Retirement Labels and Retirement Receipts Could Save American Investors Billions Each Year

Judy and Bob Dienell review their financial statements, October 2008.

How much is your car payment? Your mortgage? Your most recent grocery bill?

Most Americans can answer these questions. But most Americans can’t answer how much they pay for their retirement accounts—and that is a big problem.

In April 2015, the U.S. Department of Labor issued an important draft rule that would require financial advisers to act in their clients’ best interests. That’s a huge win for the middle class: The White House estimates that conflicts of interest result in retirement investors losing a combined $17 billion per year.

But we could go even further, potentially saving American families an additional $17 billion per year.* How? By directly providing investors with easy-to-use information through two simple concepts: retirement labels and retirement receipts.

Of any single financial decision that workers can make, few choices have as big an effect on their overall quality of life as how they choose to invest their retirement savings. Yet American investors do not have enough usable information to make an informed decision.

Until 2012, there was no requirement for 401(k) providers to tell investors how much they were paying in fees for their accounts. And unless you are a forensic accountant, you probably have not navigated the multiple pages detailing these expenses and determined how much you are really paying in 401(k) fees.

There is another problem. It is far too easy for most people to underestimate the power of compounding. For example, with existing 401(k) disclosures, investors can see that retirement fund option A costs 0.25 percent per year, or 25 basis points, while option B costs 1 percent per year, or 100 basis points. Current disclosures tell you that if you had $1,000 invested in option A, it would cost $2.50 in fees that year, while option B would cost $10.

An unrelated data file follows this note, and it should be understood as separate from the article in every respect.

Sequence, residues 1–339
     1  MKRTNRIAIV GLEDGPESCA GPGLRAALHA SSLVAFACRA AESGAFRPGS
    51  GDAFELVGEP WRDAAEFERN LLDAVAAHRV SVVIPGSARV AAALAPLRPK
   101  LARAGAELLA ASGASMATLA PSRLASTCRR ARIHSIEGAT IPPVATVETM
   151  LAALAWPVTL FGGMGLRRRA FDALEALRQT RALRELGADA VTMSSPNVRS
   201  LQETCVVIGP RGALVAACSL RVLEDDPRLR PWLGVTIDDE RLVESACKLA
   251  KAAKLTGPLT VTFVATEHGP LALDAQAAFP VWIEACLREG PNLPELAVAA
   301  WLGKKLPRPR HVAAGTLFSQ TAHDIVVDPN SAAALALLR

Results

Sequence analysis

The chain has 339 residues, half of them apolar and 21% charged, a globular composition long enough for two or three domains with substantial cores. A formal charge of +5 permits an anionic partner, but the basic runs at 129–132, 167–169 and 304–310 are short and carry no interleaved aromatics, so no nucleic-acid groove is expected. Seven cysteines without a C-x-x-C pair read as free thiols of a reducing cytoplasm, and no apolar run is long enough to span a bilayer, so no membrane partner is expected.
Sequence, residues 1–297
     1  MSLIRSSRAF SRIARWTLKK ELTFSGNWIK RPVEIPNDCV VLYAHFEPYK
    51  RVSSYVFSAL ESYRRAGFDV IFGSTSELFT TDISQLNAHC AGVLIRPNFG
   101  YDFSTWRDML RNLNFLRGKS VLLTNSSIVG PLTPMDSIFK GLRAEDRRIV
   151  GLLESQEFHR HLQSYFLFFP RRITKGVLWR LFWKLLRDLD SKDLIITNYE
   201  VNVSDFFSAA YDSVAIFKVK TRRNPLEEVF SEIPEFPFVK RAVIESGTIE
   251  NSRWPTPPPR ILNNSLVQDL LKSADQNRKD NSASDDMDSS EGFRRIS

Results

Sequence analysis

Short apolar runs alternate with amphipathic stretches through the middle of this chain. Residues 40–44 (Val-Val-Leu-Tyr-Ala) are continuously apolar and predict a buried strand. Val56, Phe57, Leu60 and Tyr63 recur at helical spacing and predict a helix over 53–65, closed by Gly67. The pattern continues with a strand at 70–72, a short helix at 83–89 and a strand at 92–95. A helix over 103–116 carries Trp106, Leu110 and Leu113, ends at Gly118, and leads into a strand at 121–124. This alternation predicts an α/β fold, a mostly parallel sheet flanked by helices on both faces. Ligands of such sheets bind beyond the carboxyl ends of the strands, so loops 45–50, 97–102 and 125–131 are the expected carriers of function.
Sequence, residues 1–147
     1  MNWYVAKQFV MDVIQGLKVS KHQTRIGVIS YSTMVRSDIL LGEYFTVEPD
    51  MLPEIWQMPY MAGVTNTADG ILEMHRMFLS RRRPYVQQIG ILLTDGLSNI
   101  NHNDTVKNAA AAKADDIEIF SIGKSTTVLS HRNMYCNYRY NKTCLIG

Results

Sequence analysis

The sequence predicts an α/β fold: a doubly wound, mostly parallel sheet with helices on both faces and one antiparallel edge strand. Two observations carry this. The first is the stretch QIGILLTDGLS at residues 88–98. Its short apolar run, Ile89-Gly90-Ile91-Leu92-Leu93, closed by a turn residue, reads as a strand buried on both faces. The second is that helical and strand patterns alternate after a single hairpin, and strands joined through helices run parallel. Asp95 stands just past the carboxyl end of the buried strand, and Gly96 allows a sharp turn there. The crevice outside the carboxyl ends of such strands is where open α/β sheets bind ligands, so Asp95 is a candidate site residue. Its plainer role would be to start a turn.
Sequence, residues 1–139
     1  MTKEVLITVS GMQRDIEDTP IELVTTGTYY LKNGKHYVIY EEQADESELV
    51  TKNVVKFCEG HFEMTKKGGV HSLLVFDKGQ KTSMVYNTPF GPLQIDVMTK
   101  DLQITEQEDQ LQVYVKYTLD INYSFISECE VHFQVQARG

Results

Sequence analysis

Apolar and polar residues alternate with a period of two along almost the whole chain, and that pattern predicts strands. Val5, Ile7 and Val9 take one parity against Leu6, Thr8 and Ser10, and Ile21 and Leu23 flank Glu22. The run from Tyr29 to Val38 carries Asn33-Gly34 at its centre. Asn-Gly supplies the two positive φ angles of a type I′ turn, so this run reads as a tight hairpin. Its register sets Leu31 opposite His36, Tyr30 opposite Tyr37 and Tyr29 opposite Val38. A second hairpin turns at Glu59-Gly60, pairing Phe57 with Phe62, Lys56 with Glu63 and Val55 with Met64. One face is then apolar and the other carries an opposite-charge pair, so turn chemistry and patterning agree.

But most Americans with 401(k) or IRA balances are not investing $1,000 over a single year. Rather, they are investing tens of thousands of dollars over a period of decades. So the difference in fees between these two scenarios is not really $7.50. Instead, due to compounding interest, it could be almost ten thousand times that difference by the time a worker retires.

Take, for example, a median-wage worker investing 5 percent of his income in a 401(k) starting at age 25 and receiving a 5 percent company match. By the time this worker retires, an annual fee difference of just 0.75 percent could be worth $71,000 according to research by the Center for American Progress. In other words, this worker would have to work three years longer just to cover that excess fee difference.

Simply put: Fees matter. An often-cited 2009 study by Javier Gil-Bazo and Pablo Ruiz-Verdú detailed a “negative relation between funds’ before-fee performance and the fees they charge to investors.” That is to say, higher fees do not necessarily translate to better performance. In fact, that is often not the case.